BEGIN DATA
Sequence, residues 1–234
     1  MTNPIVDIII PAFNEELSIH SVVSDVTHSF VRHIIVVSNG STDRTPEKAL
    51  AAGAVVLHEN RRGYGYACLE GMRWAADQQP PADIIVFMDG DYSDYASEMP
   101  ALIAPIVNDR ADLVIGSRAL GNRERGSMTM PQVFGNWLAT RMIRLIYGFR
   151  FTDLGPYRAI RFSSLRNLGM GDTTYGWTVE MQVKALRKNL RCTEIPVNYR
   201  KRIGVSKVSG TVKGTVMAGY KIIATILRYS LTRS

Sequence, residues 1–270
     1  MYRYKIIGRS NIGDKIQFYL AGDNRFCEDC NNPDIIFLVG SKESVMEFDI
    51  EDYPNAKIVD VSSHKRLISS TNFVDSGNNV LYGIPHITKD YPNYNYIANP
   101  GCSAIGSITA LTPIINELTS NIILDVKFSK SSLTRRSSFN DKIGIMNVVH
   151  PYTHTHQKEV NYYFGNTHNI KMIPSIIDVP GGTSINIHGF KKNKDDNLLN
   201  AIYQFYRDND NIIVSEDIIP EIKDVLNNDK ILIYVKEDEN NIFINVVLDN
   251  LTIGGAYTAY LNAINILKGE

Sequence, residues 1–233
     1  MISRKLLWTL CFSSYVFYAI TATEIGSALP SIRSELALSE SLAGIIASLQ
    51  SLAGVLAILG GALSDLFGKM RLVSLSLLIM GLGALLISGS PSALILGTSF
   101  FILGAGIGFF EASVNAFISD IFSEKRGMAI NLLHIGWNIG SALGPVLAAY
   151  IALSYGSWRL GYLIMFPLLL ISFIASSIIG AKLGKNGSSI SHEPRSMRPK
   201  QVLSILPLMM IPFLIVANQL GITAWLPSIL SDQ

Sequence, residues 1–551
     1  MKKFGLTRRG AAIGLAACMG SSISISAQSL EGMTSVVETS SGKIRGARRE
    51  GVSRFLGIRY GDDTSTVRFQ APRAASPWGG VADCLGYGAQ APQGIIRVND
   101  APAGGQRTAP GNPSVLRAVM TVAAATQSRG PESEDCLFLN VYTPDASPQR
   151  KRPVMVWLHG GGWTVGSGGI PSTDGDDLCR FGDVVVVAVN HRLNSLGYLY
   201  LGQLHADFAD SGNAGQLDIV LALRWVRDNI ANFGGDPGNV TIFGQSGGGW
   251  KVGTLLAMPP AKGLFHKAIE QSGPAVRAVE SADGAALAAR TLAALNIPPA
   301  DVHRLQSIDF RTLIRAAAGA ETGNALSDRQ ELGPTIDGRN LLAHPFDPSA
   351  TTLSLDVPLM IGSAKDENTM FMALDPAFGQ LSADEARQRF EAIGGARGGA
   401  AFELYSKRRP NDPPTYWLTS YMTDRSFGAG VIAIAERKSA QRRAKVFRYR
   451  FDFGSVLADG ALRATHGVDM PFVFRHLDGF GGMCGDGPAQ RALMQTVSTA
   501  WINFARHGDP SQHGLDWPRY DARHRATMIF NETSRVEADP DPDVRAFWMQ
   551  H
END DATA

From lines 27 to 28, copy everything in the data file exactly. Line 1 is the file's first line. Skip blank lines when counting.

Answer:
   301  DVHRLQSIDF RTLIRAAAGA ETGNALSDRQ ELGPTIDGRN LLAHPFDPSA
   351  TTLSLDVPLM IGSAKDENTM FMALDPAFGQ LSADEARQRF EAIGGARGGA